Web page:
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Will Pansy Ho tough it out in the STDM succession race or play it safe at MGM Macau?

Sunday, 01 May 2011 16:53
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Pansy Ho could sell all her equity interest in MGM China Holdings after it lists in Hong Kong later this year—and theoretically still keep her role as the managing director of the MGM Macau gaming concession.

But if she wants to run STDM—the investment holding company built up by her father Dr Stanley Ho that is ultimately the parent of the SJM casino concessionaire in Macau—she would need to give up any executive role in the MGM Macau set up.

The ‘Licence Contract of Macao Special Administrative Region for the Operation of Games of Fortune or Chance or Other Casino Games’ says in Article 20, headed ‘Forbidden to serve concurrently in the company’s statutory body’:

“The concessionaire undertakes not to appoint as a member of the board of directors, or as an officer of the general meeting, or as a member of the statutory audit committee or other governing body, any person who is a member of any governing body of any other concessionaire, sub-concessionaire or concessionaire management company engaged in the operation of games of fortune or chance or other casino games in Macao Special Administrative Region.”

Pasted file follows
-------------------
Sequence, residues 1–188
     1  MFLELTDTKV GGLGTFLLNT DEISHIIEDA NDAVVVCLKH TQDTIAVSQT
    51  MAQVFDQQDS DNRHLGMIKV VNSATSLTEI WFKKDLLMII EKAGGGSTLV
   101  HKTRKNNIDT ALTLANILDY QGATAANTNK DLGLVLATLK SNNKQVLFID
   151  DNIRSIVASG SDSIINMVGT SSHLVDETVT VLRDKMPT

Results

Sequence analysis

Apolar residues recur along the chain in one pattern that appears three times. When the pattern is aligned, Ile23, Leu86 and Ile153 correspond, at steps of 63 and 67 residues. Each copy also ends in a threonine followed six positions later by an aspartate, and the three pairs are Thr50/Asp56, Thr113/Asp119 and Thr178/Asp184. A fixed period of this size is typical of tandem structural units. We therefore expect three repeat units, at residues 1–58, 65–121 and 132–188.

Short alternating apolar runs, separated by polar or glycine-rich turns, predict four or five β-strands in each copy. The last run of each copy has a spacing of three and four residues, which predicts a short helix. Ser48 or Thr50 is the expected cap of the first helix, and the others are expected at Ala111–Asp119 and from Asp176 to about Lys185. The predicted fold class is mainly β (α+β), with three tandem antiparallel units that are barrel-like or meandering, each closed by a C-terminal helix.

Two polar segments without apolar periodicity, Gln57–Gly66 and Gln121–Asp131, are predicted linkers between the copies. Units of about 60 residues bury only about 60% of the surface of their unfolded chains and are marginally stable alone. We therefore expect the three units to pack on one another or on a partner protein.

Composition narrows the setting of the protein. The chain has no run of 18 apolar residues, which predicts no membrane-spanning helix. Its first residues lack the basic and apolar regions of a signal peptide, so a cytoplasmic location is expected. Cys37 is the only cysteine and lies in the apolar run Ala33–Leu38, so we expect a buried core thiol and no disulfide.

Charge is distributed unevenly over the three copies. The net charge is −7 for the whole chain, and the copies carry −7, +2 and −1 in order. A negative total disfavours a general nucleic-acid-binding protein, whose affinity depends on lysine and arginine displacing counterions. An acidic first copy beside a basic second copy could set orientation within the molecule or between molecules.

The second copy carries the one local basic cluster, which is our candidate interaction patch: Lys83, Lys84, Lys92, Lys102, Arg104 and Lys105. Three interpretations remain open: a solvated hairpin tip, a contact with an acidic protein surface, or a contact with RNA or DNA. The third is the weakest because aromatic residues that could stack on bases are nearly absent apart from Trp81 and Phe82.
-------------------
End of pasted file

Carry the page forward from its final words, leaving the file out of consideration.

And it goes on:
It was this rule that caused Dr Stanley Ho to give up his chairmanship of Hong Kong-listed Melco in 2006 prior to his son Lawrence setting up a Macau gaming sub-concession in a joint venture between Melco and Australian entrepreneur James Packer. Another good reason for Dr Ho stepping back from Melco was that Australian gaming regulators were reluctant to sign off on the Lawrence Ho-James Packer tie up as long as Dr Ho was anywhere in the picture.